A strategic need has been identified to articulate approaches aimed at forging alliances between communities and other stakeholders, to enable them to tackle legal and constitutional reforms, reform of financial institutions, and access to and dissemination of information.

Two major conduits of empowerment have been identified as education (or learning) and processes aimed at incremental institutional change.
  

Education:
The objective of education has been acknowledged as going beyond literacy and numeracy. Education is a fundamental tool in the transition towards sustainable development with its potential to empower the poor through the reduction of inequalities in the size and distribution of income and the increase in the productivity and earnings of the poor. There is a general perception that education is in crisis globally, and that the crisis is not purely economic. Many systems of education in current use are seen to support and re-inforce non-sustainable development models; hence the criticism that education represents a "shaky vehicle for the structural changes needed in the socio-economic and political spheres which are crucial in enabling the poor to participate in their own development". The global centralization of of the definition of education by UNESCO and the interests of the Bretton Woods Institutions (i.e. World Bank and IMF) and others to keep it so, present major challenges for the restructuring of education.

The idea of rediscovering local knowledge systems which may help redefine, social, economic and ecological viability of education seems to go against this trend toward globalization by emphasizing the decentering of power, control and knowledge. The need to structure education in such a way that it

  1. provides basic job-related knowledge and skills, and
  2. encourages a greater understanding of how individual and group action can help combat ecological degradation, promote the process of democratization and foster the ability for critical analysis and problem solving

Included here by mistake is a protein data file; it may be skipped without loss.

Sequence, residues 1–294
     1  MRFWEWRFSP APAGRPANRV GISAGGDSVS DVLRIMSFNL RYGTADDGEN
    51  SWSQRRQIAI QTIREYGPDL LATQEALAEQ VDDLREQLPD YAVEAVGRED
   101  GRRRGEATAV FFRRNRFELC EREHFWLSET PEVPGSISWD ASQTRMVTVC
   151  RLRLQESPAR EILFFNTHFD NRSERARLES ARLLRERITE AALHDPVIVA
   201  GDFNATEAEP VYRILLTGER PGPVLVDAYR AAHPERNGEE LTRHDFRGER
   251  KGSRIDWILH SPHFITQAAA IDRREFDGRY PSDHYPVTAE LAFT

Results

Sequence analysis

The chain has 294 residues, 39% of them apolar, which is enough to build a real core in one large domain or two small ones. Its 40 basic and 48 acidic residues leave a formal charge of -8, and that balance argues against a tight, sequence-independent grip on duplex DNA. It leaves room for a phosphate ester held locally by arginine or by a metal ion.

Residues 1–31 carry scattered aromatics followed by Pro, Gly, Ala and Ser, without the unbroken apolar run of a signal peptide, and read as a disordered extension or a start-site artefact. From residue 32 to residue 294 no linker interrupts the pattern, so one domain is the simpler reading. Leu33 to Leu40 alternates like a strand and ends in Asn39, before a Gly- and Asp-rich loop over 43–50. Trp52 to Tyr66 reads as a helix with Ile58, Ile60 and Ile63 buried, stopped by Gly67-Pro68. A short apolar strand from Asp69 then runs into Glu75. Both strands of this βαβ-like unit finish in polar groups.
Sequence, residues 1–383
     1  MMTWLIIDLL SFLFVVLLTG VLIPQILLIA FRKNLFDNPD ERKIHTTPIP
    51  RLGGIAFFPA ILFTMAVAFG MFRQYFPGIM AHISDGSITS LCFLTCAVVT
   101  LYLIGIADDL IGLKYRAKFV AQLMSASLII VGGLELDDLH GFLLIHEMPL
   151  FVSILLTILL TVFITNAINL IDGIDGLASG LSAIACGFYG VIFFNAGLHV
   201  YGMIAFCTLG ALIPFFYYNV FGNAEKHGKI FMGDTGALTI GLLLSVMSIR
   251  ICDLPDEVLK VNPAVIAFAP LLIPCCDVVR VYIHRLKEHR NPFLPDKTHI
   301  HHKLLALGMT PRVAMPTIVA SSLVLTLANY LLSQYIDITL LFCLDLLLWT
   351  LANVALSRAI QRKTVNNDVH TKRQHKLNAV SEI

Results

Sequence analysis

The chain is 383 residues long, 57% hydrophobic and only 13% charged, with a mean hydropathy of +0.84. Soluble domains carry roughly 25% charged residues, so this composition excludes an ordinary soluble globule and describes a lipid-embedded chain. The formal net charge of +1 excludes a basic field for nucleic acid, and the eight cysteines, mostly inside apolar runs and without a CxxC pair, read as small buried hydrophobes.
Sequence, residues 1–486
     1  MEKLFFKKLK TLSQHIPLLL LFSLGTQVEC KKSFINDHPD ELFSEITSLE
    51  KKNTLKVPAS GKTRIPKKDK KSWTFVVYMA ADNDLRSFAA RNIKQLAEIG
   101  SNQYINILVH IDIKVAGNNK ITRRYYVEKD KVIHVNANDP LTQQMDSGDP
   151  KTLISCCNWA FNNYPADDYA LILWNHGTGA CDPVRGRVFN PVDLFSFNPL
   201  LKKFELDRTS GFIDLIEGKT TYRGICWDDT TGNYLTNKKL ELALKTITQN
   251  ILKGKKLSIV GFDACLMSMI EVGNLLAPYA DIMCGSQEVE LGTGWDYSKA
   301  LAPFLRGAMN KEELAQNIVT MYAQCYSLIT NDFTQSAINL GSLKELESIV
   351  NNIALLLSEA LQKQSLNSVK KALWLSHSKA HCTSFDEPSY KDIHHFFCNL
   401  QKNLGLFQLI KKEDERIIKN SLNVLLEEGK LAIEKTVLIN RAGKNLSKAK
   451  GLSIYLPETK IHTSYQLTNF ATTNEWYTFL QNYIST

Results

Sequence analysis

places new demands on the state to devolve decision-making, fiscal authority and the delivery of services to communities. The issue of access to information coupled with the capacity to translate that information into a resource and a means to access other resources is seen as critical in the whole empowerment process.

Institutional Change:
On institutional change, the thrust is towards the recognition of institutions not as static but as constantly undergoing change towards either sustainable or non-sustainable forms of development. The kinds of changes that are needed require a focus on poverty alleviation and sustainable development - a challenge to the status quo. 

The notion of the state disempowering itself is crucial ... For the process of government self-disempowerment and community empowerment to succeed, the following are required:

  • the ability of the incumbent government to live within its means, 
  • the presence of a political will as a driving force to forge ahead with the process, and
  • putting in place a mechanism to turn over both resources and responsibilities to the communities
The objective of empowering people is not necessarily in conflict with good government. Indeed, a community that is empowered will make less demands on the declining, debt-committed resources of central government. It will work towards reinforcing national progress rather than contributing to its disintegration.

Tentative work has already been started by a number of educators to come to grips with what kind of education is needed to galvanize the transition toward sustainable development. The choice of action on institutional change has to be based on the understanding that institutions, as mediums and outcomes of human interactions, are constantly in the process of change and renewal.

Empowerment for sustainable development requires new and innovative kinds of partnerships based on consensus, given the complex and multidimensiona nature of issues involved. The history of "development" has demonstrated that the top-down approach has neither succeeded in bettering the conditions of the poor, nor has it managed to maintain the levels of affluence experienced by the countries of the North.

Empowerment for sustainable development means giving to people and communities the true capacity to cope with the changing environment, as societies and communities strive to enter the transition towards sustainable patterns of development -

  • the capacity for increased social awareness,
  • higher levels of social economic participation, and
  • the utilization of new insights on ecological processes of change and self-renewal.
These require the strengthening of the meaning and reality of the principles of inclusiveness (i.e. engaging the relevant stakeholders in a process of change), transparency, and accountability which gives legitimacy to any process and decisions reached.

Without the major transformation of institutions at the international level, gains made at national and local levels towards empowerment will not be sustained ... The concept of empowerment embraces the role of human agency, of culture and of spirituality in advancing sustainable development goals.

[Reminder from Essem]:
This contribution is only an extract. Please read the full article for a more comprehensive understanding of the subject.]
DISCUSSIONS:
Comment # 1: Received from